BCL Selibe Phikwe Mine safe from disastrous conditions
Okavango region prone to earthquakes
The possibility that BCL Selibe Phikwe mine and its surrounding areas may be struck by earthquakes anytime soon are low, Botswana Geoscience Institute (BGI) Manager of Applied Geoscience Koketso Botepe, has revealed.
There has been widespread concern that a non-operational BCL Selibe Phikwe mine may collapse due to tremors that occur at the mine and its surrounding areas.
In 2014, an earthquake struck Orkney, a gold mine in the North West province of South Africa killing one person and injuring 34 miners. The US Geological Survey ascertained the quake to have a magnitude of 5.3 and was felt in Botswana as well Mozambique.
Quizzed if Botswana might face a similar situation, particularly in the Selibe Phikwe area which frequently experiences slight tremors, Botepe highlighted that his organization is still doing studies to figure out what triggers tremors around the mine.
“We want to find out where the tremors are coming from and whether indeed, they are associated with the mine. We are at a stage where we want to deploy instruments all over Phikwe including underground so we can study the information and be able to advice the nation,” he said in a recent interview with Botswana Gazette. “My personal view is that we should not be worried of any big disaster, the things you could experience may be house cracks but in terms of subsidence of the mine I would say that I am 99 percent sure that won’t happen.”
Botepe went on to dismiss chances of the mine subsidence stating that the configuration of the mine is such that it cannot not cave in. “But whatever is happening underground may affect the structures on the surface through cracks, as I said we will verify that once we have done our scientific studies,” he stated.
According to a research conducted by BGI, earthquake level in Botswana is classified as low by global standards with the Okavango region being more prone to the earthquakes. Historically, the 6.7 magnitude earthquake had its epicenter in the Okavango Delta. The last seismic event to occur in Botswana was in 2017 with a magnitude 6.5 in the Central region. The BGI study indicates that most of the earthquakes in central and Southern Africa are attributed to the south-westerly extension of the East African Rift system or EARS.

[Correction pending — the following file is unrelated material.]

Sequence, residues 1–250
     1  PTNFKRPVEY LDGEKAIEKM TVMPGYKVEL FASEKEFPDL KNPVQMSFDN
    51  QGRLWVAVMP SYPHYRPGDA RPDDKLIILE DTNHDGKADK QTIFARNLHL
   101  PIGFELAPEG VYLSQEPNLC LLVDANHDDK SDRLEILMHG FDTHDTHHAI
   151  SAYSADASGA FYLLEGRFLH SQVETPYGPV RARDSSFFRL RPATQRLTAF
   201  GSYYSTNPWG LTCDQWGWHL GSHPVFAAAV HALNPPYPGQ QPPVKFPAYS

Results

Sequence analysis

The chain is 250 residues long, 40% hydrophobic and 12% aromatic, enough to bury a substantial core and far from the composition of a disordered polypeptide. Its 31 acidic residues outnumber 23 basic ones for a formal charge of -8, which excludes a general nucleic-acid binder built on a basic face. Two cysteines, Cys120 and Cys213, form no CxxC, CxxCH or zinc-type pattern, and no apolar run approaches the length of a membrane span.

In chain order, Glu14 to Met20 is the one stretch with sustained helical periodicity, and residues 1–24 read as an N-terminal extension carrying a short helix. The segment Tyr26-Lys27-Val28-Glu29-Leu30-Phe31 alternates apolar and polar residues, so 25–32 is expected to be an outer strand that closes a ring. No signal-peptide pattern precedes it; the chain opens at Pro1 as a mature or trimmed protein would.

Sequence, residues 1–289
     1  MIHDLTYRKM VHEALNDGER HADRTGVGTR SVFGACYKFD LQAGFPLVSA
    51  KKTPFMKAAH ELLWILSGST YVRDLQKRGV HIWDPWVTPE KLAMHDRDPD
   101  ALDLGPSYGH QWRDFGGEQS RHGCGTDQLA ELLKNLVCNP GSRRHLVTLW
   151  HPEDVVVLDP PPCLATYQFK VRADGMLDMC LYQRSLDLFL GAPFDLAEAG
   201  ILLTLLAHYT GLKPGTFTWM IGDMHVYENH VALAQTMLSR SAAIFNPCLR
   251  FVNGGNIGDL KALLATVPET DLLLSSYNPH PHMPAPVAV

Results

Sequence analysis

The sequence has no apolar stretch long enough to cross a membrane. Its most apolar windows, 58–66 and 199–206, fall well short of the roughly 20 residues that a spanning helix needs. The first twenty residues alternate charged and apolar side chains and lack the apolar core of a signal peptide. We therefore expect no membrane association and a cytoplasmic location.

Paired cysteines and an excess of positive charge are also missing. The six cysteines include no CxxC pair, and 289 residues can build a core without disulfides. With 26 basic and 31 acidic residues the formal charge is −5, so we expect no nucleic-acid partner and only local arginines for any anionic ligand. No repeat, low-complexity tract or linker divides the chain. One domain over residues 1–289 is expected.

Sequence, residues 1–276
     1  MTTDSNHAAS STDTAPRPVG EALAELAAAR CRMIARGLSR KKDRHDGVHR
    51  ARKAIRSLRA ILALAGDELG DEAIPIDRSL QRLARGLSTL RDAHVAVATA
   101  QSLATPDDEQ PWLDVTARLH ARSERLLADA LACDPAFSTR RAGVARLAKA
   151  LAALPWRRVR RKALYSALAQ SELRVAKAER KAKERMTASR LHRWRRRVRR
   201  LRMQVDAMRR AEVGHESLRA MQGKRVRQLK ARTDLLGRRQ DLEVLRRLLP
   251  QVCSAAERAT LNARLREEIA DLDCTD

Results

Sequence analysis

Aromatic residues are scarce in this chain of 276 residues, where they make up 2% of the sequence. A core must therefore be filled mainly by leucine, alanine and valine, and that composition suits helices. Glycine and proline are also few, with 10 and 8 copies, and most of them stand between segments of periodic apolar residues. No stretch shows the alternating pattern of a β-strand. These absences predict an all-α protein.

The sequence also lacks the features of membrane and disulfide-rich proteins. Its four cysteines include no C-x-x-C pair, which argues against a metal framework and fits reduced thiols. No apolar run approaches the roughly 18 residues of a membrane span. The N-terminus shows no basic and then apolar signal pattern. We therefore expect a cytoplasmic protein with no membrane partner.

According to Botepe, in order to enable it to detect and accurately locate earthquakes in Botswana and the surrounding area, BGI intends to launch a national seismic network in the near future. He went on to say they intend to establish a seismological research center to serve as a national Seismological Observatory. The Observatory would be in alignment with the BGI’s core mandate of undertaking cutting-edge research in seismology to act as an advisory body in respect of seismic-related geo-hazards.
However quizzed if Botswana is ready to handle disastrous situations Botepe stated that for now the country is not adequately equipped to advise at local level.
“Because if you look at our network system it is quite dense on the standard of Africa and since we have a denser network covering the whole country now, we want narrow it to areas that are problematic,” he said. “That would allow us to zone out areas that are more vulnerable then put more monitoring equipment in those areas. By so doing we will now be able to come up with maps that will inform everyone if they are sitting in a red zone or not.”